For more information, please emailĀ info@parkwayadvisors.com.

Performance Objectives – Beyond Total Return

As discussed in other research, risk for an insurer must focus on diversification as it pertains to capital and surplus (unassigned funds) and how the assets relate to the products that are sold to policy holders (members). The following discussion will utilize a few of these concepts to explain why performance objectives must go beyond total return and be based upon net investment income and the surplus of the insurer.

A key factor in the success of an insurer is the performance of the investment portfolio; unfortunately, the valuation tools used to measure insurance performance are often inappropriate. As an insurer, it is easy to be conditioned to view investment success by comparing the total return of our portfolio to that of a benchmark index of similar securities. This approach is extremely appropriate for most investment portfolios. Consider for example the equity portion of your personal IRA or 401-k account. If the total return on the portfolio over time exceeds that of the S&P 500 Index you are probably excited about your portfolio. The appropriate asset allocation of your retirement account is based upon the risk that is appropriate considering your personal needs and objectives. The expected time until retirement is normally the greatest factor in assessing the appropriate portfolio risk that can be assumed. The objective is essentially to generate the largest pile of money possible considering the risk profile appropriate for your needs.

When insurance assets are managed to optimize total return there are several unintended consequences that often adversely impact the insurer. Furthermore, decisions that a prudent investor would make in order to optimize total return may actually reduce surplus or the net investment income of an insurer. A key to understanding these potential issues is centered on the ultimate objective of the insurer. An insurance company is entrusted with funds that represent future payments to members or policy holders. This simple concept is the basis for statutory accounting principles and the majority of regulations developed by the NAIC or various state departments.

A large component of total return is the unrealized position of a portfolio at any given time. However, insurance companies carry the majority of assets at amortized cost. The basis for cost accounting is that fixed income investments are to be held to maturity in a manner where the cash flows are sufficient to provide for the future expected claims of the insurer. This reduces the concern related to decreasing market prices and places the focus on net investment income. This focus is appropriate and actually reduces risk. Securities purchased should support the future cash flows of the representative product and provide sufficient book yield (spread) to support product growth rates and operations. This is true regardless of the direction of interest rates. Insurance investing should not focus on speculation or “bets” on interest rates, but work to ensure that surplus and net investment income are appropriate in any economic environment.

Additionally, there are circumstances where a focus on total return would dictate the sale of a security in order to realize a gain and reinvest in another security with a better appreciation profile. If an insurer files an Interest Maintenance Reserve (IMR), then the gain on a disposal would not be realized initially, but amortized into income over the remaining life of the security that was sold. When a gain is considered, reinvestment would typically occur at a lower current yield; therefore reducing the overall book yield of the portfolio and negatively impacting net investment income. If taxes come in to play, the impact to income is amplified by the tax rate.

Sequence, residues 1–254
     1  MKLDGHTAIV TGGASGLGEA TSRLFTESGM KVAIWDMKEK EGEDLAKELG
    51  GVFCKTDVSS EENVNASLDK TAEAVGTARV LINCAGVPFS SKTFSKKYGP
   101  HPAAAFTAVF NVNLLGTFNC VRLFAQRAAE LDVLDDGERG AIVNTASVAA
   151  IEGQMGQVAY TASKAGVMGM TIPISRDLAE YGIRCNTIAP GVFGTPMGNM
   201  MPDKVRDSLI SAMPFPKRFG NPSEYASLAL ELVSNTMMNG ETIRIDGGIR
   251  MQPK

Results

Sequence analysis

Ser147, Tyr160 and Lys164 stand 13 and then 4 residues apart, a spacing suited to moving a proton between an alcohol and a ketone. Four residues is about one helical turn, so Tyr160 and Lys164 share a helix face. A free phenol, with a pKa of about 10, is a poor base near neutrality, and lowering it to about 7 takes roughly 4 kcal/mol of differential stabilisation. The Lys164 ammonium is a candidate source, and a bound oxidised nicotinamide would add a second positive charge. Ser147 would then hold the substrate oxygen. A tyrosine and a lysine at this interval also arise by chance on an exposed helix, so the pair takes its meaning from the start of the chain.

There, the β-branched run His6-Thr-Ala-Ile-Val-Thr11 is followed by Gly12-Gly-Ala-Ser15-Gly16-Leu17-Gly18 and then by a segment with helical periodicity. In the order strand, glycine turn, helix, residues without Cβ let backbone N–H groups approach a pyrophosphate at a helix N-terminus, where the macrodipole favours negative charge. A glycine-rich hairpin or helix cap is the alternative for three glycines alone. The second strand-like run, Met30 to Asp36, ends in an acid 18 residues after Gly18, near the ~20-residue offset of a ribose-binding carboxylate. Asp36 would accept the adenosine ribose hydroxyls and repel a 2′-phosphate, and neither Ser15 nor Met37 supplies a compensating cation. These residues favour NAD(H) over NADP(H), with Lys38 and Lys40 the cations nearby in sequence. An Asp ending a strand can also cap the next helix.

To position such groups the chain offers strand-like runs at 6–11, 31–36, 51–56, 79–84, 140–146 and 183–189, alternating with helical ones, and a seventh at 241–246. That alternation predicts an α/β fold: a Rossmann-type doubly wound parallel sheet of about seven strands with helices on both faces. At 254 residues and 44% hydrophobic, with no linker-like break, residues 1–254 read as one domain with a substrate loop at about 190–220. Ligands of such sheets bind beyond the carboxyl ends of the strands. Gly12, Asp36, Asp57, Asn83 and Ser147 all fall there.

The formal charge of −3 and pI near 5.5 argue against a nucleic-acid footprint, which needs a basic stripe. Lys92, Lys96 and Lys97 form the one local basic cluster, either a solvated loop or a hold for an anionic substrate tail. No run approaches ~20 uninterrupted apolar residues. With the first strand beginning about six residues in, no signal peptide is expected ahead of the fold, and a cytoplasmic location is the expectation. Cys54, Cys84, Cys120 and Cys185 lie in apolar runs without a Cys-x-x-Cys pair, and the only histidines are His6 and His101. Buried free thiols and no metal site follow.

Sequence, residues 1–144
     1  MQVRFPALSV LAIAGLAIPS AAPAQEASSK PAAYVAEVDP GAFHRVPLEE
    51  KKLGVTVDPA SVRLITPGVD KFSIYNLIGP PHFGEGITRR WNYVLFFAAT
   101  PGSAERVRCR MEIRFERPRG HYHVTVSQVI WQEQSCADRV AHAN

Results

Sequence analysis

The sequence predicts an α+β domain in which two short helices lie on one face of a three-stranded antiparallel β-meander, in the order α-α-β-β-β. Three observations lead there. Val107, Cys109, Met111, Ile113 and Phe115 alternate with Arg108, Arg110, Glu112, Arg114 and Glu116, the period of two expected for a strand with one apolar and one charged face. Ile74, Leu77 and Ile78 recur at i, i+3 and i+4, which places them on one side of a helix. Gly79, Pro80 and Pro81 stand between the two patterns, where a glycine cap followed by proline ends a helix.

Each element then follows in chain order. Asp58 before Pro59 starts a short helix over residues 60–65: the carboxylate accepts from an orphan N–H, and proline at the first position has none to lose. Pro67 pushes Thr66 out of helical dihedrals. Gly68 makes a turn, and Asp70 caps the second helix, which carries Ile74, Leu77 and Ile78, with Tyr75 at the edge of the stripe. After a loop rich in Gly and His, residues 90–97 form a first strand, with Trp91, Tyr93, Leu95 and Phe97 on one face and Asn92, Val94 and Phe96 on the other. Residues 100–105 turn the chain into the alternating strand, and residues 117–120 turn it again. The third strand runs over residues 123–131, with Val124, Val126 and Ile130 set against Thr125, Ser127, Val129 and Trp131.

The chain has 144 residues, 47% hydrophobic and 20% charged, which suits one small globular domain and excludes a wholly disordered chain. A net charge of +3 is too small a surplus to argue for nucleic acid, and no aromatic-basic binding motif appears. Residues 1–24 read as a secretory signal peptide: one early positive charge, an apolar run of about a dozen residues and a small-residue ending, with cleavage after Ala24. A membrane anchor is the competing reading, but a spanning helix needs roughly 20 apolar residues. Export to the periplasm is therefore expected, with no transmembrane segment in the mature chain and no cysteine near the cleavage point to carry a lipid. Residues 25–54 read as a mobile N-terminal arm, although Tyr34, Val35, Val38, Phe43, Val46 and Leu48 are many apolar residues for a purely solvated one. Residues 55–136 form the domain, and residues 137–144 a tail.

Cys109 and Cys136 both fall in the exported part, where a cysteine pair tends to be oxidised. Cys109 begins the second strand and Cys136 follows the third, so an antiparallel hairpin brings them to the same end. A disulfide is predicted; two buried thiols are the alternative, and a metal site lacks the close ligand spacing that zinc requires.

Another tool that is often used in an attempt to generate positive return versus an index is shifting between asset classes or qualities. This reduces diversification and has significant impacts to Risk Based Capital (RBC) in addition to creating volatility in the AVR. This in turn can place downward pressure on surplus in addition to the trading impacts to IMR. More importantly, if the amount invested in any single security is large in relation to surplus, the risk to the insurer is enhanced. This would not be the case for other types of investors as diversification is considered based upon total assets.

One final total return concept that is impracticable to apply to insurance investing is the typical strategy of a total return benchmark. As an insurance company your products, members, marketplace, liabilities, statutory reports, surplus and history are unique. Appropriate investing must consider the liabilities and surplus; therefore, every insurance portfolio should be unique. This makes the common benchmarks that are applied to all portfolios meaningless even when total return is the objective. Each benchmark would need to be custom designed, which reduces the ease of market understanding. Regardless, a total return benchmark could never quantify the specifics of investing to match liabilities, enhance surplus or better position IMR/AVR. Better benchmarks for insurers are: ALM objectives, book yield comparison to competition, surplus enhancements or anything that more efficiently ties performance to the true needs of the insurer.

Disclosures

Parkway Advisors, L.P. is an investment advisor registered with the Securities and Exchange Commission offering investment management, consulting, and accounting and reporting services. This material is for your use only and has not been independently verified and thus we do not represent that it is complete and should not be relied upon as such. The opinions expressed are our opinions only. Past performance is no guarantee of future performance and no guarantee is made.

For More Information

We welcome your inquiry and can be reached by mail at Parkway Advisors, L.P., P.O. Box 5225, Abilene, Texas 79608 or by phone at (800) 692-5123 or by fax at (325) 795-8521. A copy of our Form ADV, Part II is available upon request.

For more information, please emailĀ info@parkwayadvisors.com.